Every now and then, my playlist reminds me of ‘Humne Toh Dil Ko Aapke Qadmon Pe Rakh Diya’, among my favourite Mohammed Rafi-Asha Bhosle duets. I don’t know enough Hindi to fully understand the lyrics, and I need Google to tell me it’s from a 1965 film called Mere Sanam, and that it was composed by O.P. Nayyar, whose name I first heard on TVS Saregama hosted by the mild-mannered Sonu Nigam in the 90s.
Incidentally, of all the video clips that have inundated social media after singer S.P. Balasubrahmanyam passed away last fortnight, it is one from a Nigam show that I have been going back to. On the show, speaking of why “Rafi saab” was the singer who had the “maximum influence” on him, SPB goes on to recall his student days when he would cycle to engineering college at 7.30 a.m. every day, and listen to one particular Rafi song and invariably tear up.
He then breaks into ‘Deewana hua baadal, saawan ki ghataa chaayee, ye dekh ke dil jhooma’ (from Kashmir Ki Kali, 1964). “That ‘ma’ [in jhooma]… can you imagine anybody else singing it with that sort of beautiful expression?” he says. “The man is coming into your ears, caressing, singing with a smile. How can you not fall in love?!”
On another show, on a Telugu TV channel, SPB sings Rafi’s ‘Jaanewalo Zara Mudke Dekho Mujhe’, a song he loved improvising with, and says, “He [Rafi] is the only person who can sing like that.” Later, when I met him for an interview in 2012, he told me the largest music folder on his phone was dedicated to Rafi.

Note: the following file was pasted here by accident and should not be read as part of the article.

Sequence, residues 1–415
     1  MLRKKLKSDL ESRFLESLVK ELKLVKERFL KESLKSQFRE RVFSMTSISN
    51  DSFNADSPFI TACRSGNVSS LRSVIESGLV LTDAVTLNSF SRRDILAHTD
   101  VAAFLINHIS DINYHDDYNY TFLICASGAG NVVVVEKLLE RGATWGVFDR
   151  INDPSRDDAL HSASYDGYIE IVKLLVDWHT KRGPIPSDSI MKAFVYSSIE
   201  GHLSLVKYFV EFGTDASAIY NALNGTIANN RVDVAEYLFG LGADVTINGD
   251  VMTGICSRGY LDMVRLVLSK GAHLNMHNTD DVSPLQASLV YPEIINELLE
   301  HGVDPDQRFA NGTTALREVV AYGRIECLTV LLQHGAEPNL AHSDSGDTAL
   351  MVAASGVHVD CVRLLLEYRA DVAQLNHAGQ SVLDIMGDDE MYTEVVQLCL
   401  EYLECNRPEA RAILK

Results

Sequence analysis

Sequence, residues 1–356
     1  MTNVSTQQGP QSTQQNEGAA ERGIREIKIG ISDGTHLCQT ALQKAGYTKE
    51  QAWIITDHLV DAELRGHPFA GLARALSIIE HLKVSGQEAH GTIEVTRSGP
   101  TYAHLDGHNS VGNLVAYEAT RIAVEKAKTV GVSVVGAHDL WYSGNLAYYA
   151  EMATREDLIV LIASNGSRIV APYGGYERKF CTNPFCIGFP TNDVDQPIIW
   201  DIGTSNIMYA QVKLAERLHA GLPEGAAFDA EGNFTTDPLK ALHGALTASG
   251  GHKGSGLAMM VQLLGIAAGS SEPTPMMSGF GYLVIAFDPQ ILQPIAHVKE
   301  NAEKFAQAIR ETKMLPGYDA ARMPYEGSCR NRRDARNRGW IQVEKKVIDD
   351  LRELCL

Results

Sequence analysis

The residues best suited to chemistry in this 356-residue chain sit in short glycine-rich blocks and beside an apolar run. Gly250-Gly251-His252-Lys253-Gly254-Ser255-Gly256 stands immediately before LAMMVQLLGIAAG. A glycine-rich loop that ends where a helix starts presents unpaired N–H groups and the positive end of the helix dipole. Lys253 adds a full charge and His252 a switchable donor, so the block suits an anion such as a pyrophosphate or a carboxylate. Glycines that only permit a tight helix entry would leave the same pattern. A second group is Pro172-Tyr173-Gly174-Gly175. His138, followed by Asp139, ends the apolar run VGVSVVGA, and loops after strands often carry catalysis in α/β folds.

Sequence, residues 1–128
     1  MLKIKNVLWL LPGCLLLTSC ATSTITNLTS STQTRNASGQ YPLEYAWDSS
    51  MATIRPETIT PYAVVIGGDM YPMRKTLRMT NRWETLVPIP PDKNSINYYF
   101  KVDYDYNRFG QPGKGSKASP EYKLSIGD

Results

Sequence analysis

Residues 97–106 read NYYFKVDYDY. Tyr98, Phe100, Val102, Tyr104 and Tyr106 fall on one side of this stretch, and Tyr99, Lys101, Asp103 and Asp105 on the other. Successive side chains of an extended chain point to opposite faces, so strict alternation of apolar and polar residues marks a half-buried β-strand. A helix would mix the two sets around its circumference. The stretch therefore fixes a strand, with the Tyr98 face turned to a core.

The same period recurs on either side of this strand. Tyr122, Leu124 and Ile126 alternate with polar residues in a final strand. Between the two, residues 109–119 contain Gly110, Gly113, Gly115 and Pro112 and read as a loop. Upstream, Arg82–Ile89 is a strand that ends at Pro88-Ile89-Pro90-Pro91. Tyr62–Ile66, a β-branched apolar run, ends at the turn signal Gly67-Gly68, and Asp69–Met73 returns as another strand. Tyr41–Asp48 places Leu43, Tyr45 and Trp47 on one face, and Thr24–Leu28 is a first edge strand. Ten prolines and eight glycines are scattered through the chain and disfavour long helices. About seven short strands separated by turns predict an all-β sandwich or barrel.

Meera Srinivasan interviewed by Arun Arokianathan
Over the past few days, listening to SPB on loop, I was excited to catch what I thought were some Rafi-esque touches, especially in ‘Ore Naal Unai Naan Nilavil Parthadu’, his duet with Vani Jayaram for Ilamai Oonjal Aadukirathu that released in 1978 when SPB was in his early 30s. The flavour, pace and three-count rhythmic scape of the beautiful Ilaiyaraaja composition took me back to ‘Humne Toh Dil Ko Aapke Qadmon Pe…,’ but it is really the gentleness and care with which SPB’s voice treats the words and notes that remind me most of Rafi. The caressing that SPB so admired in Rafi.
A glimpse of Rafi
I learnt later that this wasn’t merely my imagination when I found a video clip where SPB says that many of his songs have “a glimpse of Rafi”. He would make a notation saying ‘Rafi’ in certain places on his song scripts, in order to execute a particular glide or vocal effect in those lines. It is not hard to come up with thousands of such examples of SPB’s masterful play with tone and timbre to evoke a certain mood. But what is more fascinating is what SPB does with these various influences, including that of Rafi, because what you hear in an SPB song is not simply a version of another singer but much more. SPB unfailingly acknowledged his many sources of inspiration, but went on to create a whole catalogue of unique vocal expressions that no playback singer after him can afford to overlook.